## Knight’s tour

Posted June 18th, 2009 by William Willing**Categories:** Fun

An item in Professor Stewart’s Cabinet of Mathematical Curiosities reminded me of a puzzle I once amused myself with during a boring physics class. I wanted to create a puzzle for the school paper where you have a 4×4 grid filled with letters and you have to use the knight’s move to visit all squares in the right order so you get a sixteen-letter word.

After I picked the word, I tried to fill all squares, but soon I suspected that what I wanted wasn’t possible; I couldn’t find a way to reach all sixteen squares using a knight’s move (one square horizontal or vertical and one diagonal) without passing any square twice. Now I had a new puzzle: prove that this is impossible.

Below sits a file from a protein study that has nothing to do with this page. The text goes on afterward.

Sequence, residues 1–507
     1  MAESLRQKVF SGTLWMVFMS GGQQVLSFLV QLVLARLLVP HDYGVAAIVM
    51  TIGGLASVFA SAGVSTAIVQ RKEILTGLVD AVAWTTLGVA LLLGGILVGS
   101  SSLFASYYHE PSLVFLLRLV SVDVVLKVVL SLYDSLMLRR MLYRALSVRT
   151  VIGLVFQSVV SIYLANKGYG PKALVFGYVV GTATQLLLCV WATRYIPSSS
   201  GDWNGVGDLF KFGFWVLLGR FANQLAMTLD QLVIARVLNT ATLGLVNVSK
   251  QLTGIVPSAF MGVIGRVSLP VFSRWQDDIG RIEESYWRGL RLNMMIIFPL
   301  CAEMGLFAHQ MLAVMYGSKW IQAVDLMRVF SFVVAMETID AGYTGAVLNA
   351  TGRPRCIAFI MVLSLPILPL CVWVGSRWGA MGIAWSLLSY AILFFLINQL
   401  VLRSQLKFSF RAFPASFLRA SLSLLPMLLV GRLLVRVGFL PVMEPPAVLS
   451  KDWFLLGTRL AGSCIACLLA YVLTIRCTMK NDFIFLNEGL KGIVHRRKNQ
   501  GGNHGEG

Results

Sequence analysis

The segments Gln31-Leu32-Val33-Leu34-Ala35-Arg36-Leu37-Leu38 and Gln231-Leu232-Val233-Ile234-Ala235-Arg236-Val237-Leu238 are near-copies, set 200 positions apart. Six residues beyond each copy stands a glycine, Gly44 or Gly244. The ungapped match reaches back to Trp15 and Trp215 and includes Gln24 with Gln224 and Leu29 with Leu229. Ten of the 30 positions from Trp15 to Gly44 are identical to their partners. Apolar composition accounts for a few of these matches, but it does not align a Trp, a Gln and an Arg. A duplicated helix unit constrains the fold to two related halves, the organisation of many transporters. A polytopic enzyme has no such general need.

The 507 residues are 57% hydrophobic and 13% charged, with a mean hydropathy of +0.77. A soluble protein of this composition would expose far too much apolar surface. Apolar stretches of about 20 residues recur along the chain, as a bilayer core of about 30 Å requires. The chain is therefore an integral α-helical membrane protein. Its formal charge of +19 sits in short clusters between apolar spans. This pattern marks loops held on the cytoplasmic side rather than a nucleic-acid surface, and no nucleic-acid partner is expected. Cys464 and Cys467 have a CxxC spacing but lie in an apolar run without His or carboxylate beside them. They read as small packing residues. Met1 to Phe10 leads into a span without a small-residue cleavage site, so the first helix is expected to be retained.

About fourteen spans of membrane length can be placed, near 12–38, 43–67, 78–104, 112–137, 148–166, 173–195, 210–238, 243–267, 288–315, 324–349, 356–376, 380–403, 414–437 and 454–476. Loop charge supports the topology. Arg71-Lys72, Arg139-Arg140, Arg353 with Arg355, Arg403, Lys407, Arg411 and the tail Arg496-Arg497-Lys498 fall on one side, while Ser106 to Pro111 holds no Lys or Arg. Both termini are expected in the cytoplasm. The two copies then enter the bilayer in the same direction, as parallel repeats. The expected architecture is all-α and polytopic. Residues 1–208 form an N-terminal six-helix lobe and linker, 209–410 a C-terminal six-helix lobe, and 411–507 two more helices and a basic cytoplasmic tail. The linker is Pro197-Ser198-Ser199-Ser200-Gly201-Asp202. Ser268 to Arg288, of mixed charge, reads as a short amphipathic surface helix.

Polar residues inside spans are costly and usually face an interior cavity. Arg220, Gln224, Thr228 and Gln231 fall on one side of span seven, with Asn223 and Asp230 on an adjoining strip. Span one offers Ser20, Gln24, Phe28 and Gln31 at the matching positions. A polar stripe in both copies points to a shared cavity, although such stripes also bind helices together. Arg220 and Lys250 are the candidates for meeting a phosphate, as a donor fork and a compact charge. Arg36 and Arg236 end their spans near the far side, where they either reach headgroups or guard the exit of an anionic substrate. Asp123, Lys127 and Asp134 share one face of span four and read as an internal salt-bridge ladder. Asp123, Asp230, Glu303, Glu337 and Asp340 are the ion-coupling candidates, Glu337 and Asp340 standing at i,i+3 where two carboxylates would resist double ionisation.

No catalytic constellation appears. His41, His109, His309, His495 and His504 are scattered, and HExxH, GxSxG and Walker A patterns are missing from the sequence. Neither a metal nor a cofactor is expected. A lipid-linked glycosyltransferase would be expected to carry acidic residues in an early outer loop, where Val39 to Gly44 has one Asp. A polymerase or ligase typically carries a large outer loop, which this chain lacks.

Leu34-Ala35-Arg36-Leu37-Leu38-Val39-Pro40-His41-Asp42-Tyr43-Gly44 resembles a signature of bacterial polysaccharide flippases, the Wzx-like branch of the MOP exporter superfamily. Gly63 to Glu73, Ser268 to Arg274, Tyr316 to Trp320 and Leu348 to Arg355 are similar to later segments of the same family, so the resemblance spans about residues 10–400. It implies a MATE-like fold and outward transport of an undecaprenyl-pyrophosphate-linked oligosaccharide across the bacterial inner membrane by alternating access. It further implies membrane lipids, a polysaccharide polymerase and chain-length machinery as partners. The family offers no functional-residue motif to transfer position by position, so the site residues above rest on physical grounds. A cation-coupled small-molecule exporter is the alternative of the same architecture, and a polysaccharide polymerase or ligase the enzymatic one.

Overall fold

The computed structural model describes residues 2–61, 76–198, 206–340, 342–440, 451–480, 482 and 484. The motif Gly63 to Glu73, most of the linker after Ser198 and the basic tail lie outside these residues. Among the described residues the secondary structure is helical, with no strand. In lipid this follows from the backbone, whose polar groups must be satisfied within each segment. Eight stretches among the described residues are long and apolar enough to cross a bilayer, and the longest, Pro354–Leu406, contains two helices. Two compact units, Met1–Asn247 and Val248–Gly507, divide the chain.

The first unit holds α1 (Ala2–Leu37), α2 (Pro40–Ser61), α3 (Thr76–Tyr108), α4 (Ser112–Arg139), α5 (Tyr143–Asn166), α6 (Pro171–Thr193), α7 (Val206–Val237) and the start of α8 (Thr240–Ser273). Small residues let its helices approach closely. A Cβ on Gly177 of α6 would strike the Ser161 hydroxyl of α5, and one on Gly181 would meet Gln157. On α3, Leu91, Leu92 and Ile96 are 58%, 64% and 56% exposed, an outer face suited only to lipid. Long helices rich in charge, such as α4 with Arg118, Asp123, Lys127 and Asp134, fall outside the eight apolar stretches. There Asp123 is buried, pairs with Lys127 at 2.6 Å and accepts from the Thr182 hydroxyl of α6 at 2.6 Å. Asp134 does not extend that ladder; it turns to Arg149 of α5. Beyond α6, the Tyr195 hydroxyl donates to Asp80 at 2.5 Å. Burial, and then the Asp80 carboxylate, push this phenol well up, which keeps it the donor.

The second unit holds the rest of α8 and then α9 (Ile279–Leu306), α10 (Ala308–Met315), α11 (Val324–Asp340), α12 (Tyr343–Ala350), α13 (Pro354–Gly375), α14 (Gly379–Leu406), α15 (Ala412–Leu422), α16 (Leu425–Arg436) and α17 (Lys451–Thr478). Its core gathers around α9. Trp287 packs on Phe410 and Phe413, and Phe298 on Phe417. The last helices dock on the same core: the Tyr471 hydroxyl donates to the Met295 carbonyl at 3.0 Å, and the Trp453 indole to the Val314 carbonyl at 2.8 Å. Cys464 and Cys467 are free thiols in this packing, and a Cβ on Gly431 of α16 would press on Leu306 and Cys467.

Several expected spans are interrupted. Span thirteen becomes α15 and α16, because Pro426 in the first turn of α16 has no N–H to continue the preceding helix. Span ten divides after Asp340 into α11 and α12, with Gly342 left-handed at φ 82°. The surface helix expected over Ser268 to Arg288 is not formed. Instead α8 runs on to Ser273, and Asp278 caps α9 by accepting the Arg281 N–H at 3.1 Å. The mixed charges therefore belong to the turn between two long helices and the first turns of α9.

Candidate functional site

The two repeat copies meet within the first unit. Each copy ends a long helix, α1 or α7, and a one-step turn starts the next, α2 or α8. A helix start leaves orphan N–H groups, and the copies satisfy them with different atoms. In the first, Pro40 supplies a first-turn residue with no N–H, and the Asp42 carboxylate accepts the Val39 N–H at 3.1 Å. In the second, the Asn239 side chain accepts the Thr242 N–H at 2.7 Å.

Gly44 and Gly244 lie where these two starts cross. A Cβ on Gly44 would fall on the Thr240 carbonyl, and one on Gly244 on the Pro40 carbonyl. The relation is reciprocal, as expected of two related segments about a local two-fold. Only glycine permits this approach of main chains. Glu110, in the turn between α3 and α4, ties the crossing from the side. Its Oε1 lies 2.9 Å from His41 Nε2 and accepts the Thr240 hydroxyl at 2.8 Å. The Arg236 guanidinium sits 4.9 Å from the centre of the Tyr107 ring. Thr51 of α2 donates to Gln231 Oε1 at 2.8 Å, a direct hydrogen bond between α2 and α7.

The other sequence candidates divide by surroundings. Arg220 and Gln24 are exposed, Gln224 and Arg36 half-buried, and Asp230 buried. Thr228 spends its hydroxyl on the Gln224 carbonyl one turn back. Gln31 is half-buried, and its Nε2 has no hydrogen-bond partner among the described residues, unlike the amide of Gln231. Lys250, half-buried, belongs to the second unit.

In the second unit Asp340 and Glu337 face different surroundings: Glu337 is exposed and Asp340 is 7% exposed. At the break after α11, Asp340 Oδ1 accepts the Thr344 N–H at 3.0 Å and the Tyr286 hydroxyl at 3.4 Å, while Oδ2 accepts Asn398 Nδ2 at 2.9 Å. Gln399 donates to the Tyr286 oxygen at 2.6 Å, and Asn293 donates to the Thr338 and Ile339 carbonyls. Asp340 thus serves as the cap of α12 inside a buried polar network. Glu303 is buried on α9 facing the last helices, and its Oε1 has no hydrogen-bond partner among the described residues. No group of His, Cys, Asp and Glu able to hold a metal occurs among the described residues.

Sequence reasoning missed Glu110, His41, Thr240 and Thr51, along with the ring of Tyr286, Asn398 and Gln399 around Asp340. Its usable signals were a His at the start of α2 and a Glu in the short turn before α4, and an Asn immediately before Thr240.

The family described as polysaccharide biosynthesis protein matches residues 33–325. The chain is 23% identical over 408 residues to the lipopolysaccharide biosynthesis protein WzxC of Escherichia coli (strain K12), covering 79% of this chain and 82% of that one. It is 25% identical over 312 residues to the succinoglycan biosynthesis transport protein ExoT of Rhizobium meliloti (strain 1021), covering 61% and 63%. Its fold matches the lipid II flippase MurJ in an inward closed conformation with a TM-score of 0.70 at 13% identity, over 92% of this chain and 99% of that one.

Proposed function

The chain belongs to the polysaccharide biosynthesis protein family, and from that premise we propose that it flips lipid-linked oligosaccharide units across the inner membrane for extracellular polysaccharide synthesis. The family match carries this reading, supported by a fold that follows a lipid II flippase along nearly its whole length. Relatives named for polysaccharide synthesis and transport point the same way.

Unfortunately, I don’t have the proof I wrote back then anymore. Still, I remember some of the key parts of it and it isn’t that hard to reconstruct. I suggest you have a go at it; it’s quite a nice puzzle.

Ian Stewart asks: what is the longest path possible on a 4×4 grid? The problem I have with that question is not so much finding the answer, but knowing when to stop looking. Obviously, when you find a path that visits fifteen squares, you know that must be the longest (since we already know that sixteen is impossible). However, if you find a path that’s shorter than that, how can you be sure whether you found the longest or not? Of course, you can write a computer program that uses brute force to calculate all paths and then shows you the longest it found, but that feels like cheating.

October 19th, 2014 at 6:58 am

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